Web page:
Sessions » Making a success of eIDs

Making a success of eIDs

Knowledge Theatre
Wednesday 27 June


Recommendations for vendors and governments on eID Projects implementation
Sergey Yeliseyev, Business Development Director Government eID, X Infotech, Latvia

Today, many forward-looking countries are continuously investing in eID document projects. Implementation is a complicated, sophisticated and complex subject not only for vendors, but also for governments. How to effectively negotiate with customers and make everything clear, simple and transparent? How to agree on procedures, terms and deadlines in advance, aiming to build a perfect and effective system?

We would like to share our “This Is The House Which Jack Built” approach. Implementing a document system in a country - is like building a house. Let’s see, if country citizens can play the role of your family. Contractors for the project are workers, hired to build the house. The one who goes prime in the project – is the foreman of the worker team. By keeping things simple, let’s work on some useful recommendations which will help us to effectively communicate with governments worldwide. Let’s build a perfect house together.

Let’s talk about money: Refinancing electronic identity card projects
Klaus Schmeh,Consultant, Cryptovision, Germany

An authority deploying an electronic identity card needs to invest dozens, if not hundreds, of millions of dollars. It is therefore a legitimate question whether these investments can be refinanced in some way other than by charging each owner of an eID document. One possibility is to demand fees from the service providers using the authentication or signature function of a card. Several models of this kind have been proposed, including payment per authentication/signature, payment per registration, and payment per certificate validation – but not all of these work well in practice. As a different refinancing concept, an eID authority can offer card sponsoring to credit card companies and other payment suppliers, in exchange for including a payment function in the card – a concept that is, for instance, applied in Nigeria. Combining an eID card with a payment card provides interesting applications, such as granting discounts based on information stored on the card. Other refinancing models exist in the health and traffic sectors, including the concept of inter-authority charging (e.g. the identity authority may charge the traffic department for storing driving license information). This presentation will introduce the most important eID card refinancing models and cover their pros and cons.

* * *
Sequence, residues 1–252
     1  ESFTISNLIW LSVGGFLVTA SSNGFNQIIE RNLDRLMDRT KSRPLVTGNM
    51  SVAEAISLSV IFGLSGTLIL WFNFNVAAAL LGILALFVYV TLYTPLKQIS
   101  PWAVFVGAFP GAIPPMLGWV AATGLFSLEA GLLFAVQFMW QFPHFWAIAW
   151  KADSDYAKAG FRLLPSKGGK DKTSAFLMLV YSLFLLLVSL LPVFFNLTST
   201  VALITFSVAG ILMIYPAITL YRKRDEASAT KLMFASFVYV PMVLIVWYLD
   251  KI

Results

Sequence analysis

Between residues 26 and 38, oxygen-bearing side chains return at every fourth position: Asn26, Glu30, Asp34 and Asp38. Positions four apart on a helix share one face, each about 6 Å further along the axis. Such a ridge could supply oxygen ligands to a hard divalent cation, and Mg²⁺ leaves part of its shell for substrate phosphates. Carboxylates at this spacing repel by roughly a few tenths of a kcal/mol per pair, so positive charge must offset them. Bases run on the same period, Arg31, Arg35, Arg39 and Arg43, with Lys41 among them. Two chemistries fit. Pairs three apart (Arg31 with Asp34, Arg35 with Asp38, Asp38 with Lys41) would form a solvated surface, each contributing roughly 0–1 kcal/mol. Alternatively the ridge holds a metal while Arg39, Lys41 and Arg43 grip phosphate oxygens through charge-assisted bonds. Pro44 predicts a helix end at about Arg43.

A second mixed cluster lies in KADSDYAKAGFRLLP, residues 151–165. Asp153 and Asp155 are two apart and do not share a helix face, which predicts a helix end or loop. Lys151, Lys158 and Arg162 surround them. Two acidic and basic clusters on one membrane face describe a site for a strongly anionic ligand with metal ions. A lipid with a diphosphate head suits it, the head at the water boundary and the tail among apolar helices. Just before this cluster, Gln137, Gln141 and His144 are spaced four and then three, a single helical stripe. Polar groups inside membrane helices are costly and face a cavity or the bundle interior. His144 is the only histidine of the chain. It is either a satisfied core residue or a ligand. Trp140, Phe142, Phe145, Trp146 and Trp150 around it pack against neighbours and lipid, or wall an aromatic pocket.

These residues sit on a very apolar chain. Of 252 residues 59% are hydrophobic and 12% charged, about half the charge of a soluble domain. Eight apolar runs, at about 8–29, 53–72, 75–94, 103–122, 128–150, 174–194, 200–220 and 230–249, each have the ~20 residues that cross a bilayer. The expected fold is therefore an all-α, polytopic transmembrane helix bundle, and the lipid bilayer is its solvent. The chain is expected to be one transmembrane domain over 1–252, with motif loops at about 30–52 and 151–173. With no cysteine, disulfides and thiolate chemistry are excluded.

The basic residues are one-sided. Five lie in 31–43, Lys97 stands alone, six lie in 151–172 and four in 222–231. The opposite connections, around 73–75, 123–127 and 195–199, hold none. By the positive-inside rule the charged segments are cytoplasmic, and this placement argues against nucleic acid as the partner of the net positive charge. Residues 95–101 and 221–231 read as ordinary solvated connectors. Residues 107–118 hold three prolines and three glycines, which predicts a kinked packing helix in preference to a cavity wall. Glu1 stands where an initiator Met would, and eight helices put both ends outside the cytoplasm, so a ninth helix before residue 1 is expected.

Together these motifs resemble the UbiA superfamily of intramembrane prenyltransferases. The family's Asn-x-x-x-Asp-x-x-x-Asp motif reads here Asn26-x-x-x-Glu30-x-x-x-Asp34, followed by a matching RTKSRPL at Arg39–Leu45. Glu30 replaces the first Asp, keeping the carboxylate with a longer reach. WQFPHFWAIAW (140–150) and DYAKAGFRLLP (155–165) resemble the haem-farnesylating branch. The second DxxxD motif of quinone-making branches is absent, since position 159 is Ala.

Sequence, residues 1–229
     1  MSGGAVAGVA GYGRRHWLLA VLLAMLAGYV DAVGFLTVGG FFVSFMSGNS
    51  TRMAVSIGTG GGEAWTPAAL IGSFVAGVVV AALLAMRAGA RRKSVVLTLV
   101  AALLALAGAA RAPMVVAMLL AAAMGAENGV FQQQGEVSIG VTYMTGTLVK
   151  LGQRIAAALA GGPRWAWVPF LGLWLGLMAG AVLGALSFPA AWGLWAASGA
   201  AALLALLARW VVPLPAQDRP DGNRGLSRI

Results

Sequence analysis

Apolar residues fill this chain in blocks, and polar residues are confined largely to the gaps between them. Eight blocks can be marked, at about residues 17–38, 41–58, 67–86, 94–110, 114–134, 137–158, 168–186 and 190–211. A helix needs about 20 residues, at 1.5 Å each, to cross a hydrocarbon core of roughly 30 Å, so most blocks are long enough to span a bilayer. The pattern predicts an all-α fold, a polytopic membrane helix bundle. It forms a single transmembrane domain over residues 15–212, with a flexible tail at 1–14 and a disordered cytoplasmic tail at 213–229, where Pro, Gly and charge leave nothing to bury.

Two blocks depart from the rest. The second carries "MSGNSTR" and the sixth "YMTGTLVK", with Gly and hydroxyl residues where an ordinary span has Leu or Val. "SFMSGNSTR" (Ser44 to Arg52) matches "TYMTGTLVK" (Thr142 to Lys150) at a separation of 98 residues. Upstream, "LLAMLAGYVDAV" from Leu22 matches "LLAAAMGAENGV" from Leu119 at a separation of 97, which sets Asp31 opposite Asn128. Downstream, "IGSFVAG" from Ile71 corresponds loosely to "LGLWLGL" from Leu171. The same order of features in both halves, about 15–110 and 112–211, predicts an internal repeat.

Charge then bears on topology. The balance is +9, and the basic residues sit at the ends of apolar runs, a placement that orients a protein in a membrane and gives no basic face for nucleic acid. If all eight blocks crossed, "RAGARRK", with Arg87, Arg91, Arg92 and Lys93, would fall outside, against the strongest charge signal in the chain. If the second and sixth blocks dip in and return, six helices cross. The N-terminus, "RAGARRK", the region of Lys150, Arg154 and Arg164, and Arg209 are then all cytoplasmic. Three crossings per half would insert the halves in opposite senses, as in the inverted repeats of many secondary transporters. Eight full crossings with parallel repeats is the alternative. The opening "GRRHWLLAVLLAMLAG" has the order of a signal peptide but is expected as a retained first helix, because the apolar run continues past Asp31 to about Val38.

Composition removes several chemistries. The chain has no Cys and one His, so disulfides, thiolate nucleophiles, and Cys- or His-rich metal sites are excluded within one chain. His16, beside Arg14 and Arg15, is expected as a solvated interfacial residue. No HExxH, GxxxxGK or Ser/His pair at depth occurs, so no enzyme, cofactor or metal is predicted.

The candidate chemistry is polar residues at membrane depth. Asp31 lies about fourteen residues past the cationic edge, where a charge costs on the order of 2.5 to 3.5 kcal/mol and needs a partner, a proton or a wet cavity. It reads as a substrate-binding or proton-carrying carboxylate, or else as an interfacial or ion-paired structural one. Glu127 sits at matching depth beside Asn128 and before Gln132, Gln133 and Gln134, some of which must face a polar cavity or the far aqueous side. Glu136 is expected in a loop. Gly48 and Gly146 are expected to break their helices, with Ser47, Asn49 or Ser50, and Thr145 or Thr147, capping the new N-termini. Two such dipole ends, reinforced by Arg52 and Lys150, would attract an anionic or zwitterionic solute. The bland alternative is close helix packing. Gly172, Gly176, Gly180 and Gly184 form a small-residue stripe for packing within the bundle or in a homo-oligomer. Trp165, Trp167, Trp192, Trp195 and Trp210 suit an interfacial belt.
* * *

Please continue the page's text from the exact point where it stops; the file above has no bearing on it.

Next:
• As deploying an electronic identity card is expensive, it is legitimate to ask whether these investments can be refinanced.
  • One way of refinancing is to charge fees from the services using the authentication or signature function of a card. Several models have been proposed.
  • Other refinancing options include sponsoring by credit card companies, inter-authority charging, and fee-based health applications.


Challenges and best practice examples for complex PKI infrastructures for the issuance and verification of eIDs
Heiko Bihr, Principal, Division Homeland Security, Software Development, secunet, Germany

This presentation will give an overview of the challenges when implementing complex Public Key Infrastructures (PKI) for the issuance, management and checking of electronic identity documents (eIDs).

PKI systems comprise the powerful background infrastructure to create, use and manage digital certificates used to regulate secure and authorised access to eIDs. Issuing and border control authorities worldwide implement these highly secure, certificate-based authentication solutions as a means for reliably checking the authenticity of eIDs, and for preventing manipulation and unauthorised access.

The presentation will focus on use case examples from current European ePassport and eID card projects, addressing requirements for both PKI worlds in the area of eIDs - X.509 PKIs (ICAO PKI, PKIs according to ETSI/eIDAS regulations) for the authentication and verification of eIDs, and the EAC PKI for the protection of fingerprints in eIDs. We will address the most recent requirements for the system design with a focus on increasing security (including CC evaluation with respect to CIMC-PP), enhancing certificate quality as well as improving performance for eID PKI systems.

The presentation will highlight best practice examples from different countries that have implemented a complete PKI system or components thereof, for example Country Signing Certification Authority (CSCA), Country Verifying Certification Authority (CVCA) and Document Verifying Certification Authority (DVCA), National Public Key Directory (N-PKD) as well as Terminal Control Center (TCC).

•    Challenges during the implementation of complex Public Key Infrastructures for eIDs;
•    Use case examples from current European ePassport and eID card projects;
•    Requirements and best practice for X.509 PKIs (ICAO, ETSI/eIDAS regulations) and the EAC PKI. 

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